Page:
Conversely, public bodies such as municipalities are aware of the contracts into which they enter. Thus, a municipality's contractual undertakings are unlikely to lead to unknown violations of public rights. Rather, municipalities generally are as equipped as private individuals to vigilantly enforce their contract rights in a timely fashion. Furthermore, when a municipality enters into a contract, it acts as does any private party: “[A] municipal corporation is bound by, and may sue and be sued on, all contracts which it may legally enter into in the same manner as a private corporation or an individual.” Great Lakes Aircraft Co. v. City of Claremont, 135 N.H. 270, 278-79 (1992) (quotation omitted); see also RSA 31:3 (2000) (authorizing municipal corporations to make contracts); RSA 31:1 (2000) (stating that municipalities may sue and be sued).

Additionally, municipalities cannot raise sovereign immunity as a defense to contract claims. See Great Lakes, 135 N.H. at 279 (“The immunity of government from liability on contracts has never been regarded as applicable to local governmental units.”). Although sovereign immunity and nullum tempus are distinct doctrines, both have their origins as incidents of sovereignty. See Lake Winnipesaukee Resort, 159 N.H. at 45; Sousa v. State, 115 N.H. 340, 342 (1975). Thus, a municipality's inability to raise sovereign immunity as a defense to contract claims demonstrates that when a municipality enters a contract, it is acting as does a private party and not as a sovereign.

In sum, municipalities enter into contracts in the same manner as private parties, and they are equally equipped to assert their contract rights as are private parties. Because municipalities are not at a disadvantage to assert their contract rights, the doctrine of nullum tempus is not necessary to protect the public's interest in those rights.4

Allowing a municipality to bring contract claims notwithstanding RSA 508:4 would undermine the public policy behind statutes of limitations. Statutes of limitations “reflect the fact that it becomes more difficult and time-consuming both to defend against and to try claims as evidence disappears and memories fade with the passage of time.” Keeton v. Hustler Magazine, Inc., 131 N.H. 6, 14 (1988). Statutes of limitations both insure that defendants receive timely notice of actions against them and protect defendants from stale or fraudulent claims. Id. at 14; Dupuis v. Smith Properties, Inc., 114 N.H. 625, 629 (1974). “Such statutes thus represent the legislature's attempt to achieve a balance among State interests in protecting both forum courts and defendants generally against stale claims and in insuring a reasonable period during which plaintiffs may seek recovery on otherwise sound causes of action.” Keeton, 131 N.H. at 14. Because statutes of limitations are grounded in public policy, parties cannot agree by contract made in advance of the accrual of a cause of action for breach to extend or avoid application of the limitations period. See West Gate Village Assoc. v. Dubois, 145 N.H. 293, 299 (2000).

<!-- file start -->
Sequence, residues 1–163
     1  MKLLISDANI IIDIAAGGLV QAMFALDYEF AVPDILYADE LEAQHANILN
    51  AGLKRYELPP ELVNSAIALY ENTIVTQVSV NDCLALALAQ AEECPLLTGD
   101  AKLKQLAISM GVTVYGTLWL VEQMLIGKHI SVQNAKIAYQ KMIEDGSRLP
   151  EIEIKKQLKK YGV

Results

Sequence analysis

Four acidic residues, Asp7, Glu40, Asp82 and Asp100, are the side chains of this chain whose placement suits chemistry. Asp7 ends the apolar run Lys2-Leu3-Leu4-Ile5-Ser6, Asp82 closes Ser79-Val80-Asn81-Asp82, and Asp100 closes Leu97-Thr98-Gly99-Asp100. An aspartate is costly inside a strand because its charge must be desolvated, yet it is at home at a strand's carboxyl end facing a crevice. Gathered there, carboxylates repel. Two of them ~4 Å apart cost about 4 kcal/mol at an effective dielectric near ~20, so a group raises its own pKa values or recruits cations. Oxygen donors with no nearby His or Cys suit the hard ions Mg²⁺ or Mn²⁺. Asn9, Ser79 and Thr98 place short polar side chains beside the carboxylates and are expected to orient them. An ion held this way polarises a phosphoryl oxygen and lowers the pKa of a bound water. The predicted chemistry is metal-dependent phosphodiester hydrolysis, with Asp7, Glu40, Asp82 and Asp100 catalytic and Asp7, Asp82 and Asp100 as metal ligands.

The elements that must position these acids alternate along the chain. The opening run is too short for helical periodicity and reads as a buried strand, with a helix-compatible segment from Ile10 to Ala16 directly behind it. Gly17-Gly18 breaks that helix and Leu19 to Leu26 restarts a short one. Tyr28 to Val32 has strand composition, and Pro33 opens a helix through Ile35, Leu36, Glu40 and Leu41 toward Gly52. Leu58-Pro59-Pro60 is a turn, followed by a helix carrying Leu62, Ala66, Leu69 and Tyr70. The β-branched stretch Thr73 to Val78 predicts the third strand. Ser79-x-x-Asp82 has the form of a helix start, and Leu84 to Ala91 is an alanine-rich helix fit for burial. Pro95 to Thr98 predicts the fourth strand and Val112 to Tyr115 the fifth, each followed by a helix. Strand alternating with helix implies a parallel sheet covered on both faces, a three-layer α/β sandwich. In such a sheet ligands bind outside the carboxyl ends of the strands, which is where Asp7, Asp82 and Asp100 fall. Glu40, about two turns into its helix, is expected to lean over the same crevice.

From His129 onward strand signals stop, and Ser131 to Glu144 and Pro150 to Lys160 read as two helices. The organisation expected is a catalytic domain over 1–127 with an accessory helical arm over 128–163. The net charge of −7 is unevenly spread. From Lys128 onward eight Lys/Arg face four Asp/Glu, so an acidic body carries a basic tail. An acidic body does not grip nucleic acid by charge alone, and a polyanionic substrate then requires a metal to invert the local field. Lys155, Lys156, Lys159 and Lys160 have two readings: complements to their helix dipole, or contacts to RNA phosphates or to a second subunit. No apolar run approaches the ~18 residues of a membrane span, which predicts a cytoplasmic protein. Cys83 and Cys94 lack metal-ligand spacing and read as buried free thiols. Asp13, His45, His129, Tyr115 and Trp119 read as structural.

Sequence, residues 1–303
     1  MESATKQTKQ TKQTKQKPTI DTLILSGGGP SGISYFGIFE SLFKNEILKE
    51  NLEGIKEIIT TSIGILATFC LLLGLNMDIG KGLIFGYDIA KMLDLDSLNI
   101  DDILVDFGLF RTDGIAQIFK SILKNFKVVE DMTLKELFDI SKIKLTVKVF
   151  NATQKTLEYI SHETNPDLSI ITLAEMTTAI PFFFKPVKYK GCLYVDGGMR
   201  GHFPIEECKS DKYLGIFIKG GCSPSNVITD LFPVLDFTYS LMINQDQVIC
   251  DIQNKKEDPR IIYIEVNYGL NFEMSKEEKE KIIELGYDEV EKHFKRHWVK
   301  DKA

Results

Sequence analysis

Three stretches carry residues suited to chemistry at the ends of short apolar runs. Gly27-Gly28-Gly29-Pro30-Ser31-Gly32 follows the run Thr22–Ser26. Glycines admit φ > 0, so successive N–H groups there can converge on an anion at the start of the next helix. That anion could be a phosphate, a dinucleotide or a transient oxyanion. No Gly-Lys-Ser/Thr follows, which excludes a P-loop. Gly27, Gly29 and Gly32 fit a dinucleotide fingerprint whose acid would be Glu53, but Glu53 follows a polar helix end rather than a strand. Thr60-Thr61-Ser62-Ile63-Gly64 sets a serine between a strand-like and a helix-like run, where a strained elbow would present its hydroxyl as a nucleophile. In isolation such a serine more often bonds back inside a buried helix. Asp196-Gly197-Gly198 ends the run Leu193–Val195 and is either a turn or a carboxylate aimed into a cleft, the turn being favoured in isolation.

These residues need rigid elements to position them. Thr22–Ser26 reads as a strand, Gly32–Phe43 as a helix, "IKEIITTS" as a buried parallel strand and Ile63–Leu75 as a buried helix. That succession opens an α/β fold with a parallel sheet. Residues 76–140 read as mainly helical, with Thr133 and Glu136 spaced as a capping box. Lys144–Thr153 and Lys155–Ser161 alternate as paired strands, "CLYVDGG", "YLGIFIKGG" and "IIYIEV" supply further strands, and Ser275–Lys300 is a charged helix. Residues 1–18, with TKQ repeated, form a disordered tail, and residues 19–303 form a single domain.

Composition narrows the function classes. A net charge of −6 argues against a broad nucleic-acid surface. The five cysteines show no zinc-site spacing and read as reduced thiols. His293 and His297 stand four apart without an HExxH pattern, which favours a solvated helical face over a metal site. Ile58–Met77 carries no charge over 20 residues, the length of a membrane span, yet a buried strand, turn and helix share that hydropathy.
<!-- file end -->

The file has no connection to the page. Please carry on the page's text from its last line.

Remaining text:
Here, the trial court ruled that the City's claims were time-barred by RSA 508:4 unless nullum tempus operated to exempt the City's claims from that statute of limitations. The former version of RSA 508:4 that governs this case bars contract claims after six years, and the City did not bring its claims until many years after the expiration of the limitations period. Permitting the City to bring its contract claims would unfairly subject the defendants to the harms against which statutes of limitations were designed to protect. Employees of the City and the defendants may have changed jobs, retired, or died. The memories of those witnesses that can still be located will no doubt have faded. Other physical evidence may have been lost or destroyed. Furthermore, because the defendants would not have expected such a stale claim to be enforceable, they had no incentive to preserve evidence. Therefore, because the passage of time has made it more difficult for the defendants to defend against the City's claims, it would be unfair and would undermine the public policy supporting statutes of limitations to allow the City to bring its twenty-nine-year-old contract claims.